Hello and welcome to the blog.
You probably know the old saying ‘out with the old and in with the new’. It’s not a new concept, and in a lot of ways it seems to make sense. Older appliances break down, so we replace them with a newer counterpart. In so doing we tend to gain efficiencies, or enjoy new features not present with the older model.
If you met me during the last decade, you would hear me state decidedly that cPanel was the very best panel in the industry. While it’s direct competitor Plesk felt more secure – as though it were a developer’s hosting platform, cPanel was to me the ‘everyone’s platform’. Imagine not knowing what you’re doing, and still being able to build and publish a decent website! Trust me, as someone who attempted the quick and easy web design back in the Angelfire days, cPanel was really opening a lot of doors for people. The evidence seemed clear.
In with the new?
cPanel is 21 years old, as of this writing. Plesk is 20. So if we’re tossing the old in exchange for the new, the difference is really negligible. And we are tossing the old out here. Don’t be mistaken one bit by the attractive ease of cPanel usage.
The proof is in the holiday pudding.
Price increases tell their own story. Both cPanel and Plesk are owned by WebPros, which we covered in an earlier post. And both are facing increases on Jan 1, 2021. Why don’t we look at those new prices:
$15 for 1 site
$22 for 5 sites
$32.25 for 30 sites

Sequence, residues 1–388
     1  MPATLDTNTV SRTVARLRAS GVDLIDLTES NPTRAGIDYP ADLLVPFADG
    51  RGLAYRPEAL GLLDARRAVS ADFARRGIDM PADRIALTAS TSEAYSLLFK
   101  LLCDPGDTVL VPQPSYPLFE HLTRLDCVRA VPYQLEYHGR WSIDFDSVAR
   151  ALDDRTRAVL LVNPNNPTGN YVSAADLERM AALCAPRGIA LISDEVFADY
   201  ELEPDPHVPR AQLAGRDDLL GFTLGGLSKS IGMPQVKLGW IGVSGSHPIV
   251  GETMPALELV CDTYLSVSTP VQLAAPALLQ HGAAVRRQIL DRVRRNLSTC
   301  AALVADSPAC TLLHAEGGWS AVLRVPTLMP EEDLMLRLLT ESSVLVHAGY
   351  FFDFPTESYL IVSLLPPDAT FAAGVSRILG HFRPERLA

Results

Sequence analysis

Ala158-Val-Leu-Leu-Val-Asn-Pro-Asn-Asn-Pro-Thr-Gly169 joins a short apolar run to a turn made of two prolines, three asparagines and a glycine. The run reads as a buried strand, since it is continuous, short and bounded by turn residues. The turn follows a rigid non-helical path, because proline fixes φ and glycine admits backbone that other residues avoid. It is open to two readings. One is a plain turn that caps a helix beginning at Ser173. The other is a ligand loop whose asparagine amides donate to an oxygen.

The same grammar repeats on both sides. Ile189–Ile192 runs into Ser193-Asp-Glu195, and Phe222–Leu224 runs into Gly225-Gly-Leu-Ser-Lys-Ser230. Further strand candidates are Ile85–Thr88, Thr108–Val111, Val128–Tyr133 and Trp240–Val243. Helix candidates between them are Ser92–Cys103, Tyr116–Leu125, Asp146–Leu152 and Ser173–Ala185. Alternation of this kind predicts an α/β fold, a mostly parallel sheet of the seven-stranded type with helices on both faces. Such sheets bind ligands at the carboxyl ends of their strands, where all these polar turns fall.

$48.50 for 100 sites
$0.30 per site over 100
$11 for 10 sites
$16.50 for 30 sites including WordPress ToolKit
$27.50 for unlimited sites on a VPS including WordPress ToolKit
$49.50 for unlimited sites on a dedicated server including WordPress ToolKit
What strikes me first is that with Plesk we’re not even given a 1-site option. That’s because 10 sites there is still better than 1 on cPanel. Let’s say that again, but slower.
Ten times as much, for less.
Now go ahead and review and compare the other costs. Two of the Plesk options offer unlimited sites. To me, that’s enough to say that the cost comparison is pretty much over. Plesk’s ahead on this big time. And that’s 100% with purpose.
It’s bigger than money.
If we peel back the layers on recent cPanel development, we’re going to see that the bulk of changes are carry-overs from what Plesk is already capable of. Pretty much everything “new” from cPanel is stuff that was done on Plesk first. Plesk supports a ton of things cPanel doesn’t like PHP 8, a bunch of security features, built-in incremental backups(Like what hosts pay JetBackup for on cPanel), NGINX support, and more. Also, Plesk has a leg up since they support a wider array of Operating Systems including Windows. Plesk even already supports CloudLinux 8 (which isn’t affected by the CentOS 8 news like cPanel is).
Another example is regarding the WordPress ToolKit cPanel released. They’re charging between $1.50 to $7.50 per site on-top of the cPanel License. On Plesk, they made the WordPress ToolKit 100% free and included with the newly priced $50 Plesk unlimited license.
Even when you install the official WordPress ToolKit for cPanel, it’s coming from the plesk dev team/servers. In a related shift, Solusvm.com looks to be on the way out, being replaced with Solus.io which is also already in use with Plesk.
The writing on the wall.
Prepare yourselves, everyone. We have been covering a decent amount of cPanel-related news in our posts. It’s becoming a lot like events of 2020 insofar that it could be expected we’re going to hear a lot more as the shift continues toward Plesk. With 75% market share and a more feature-rich product, it means that cPanel hopefuls will some day need to make the leap to something else.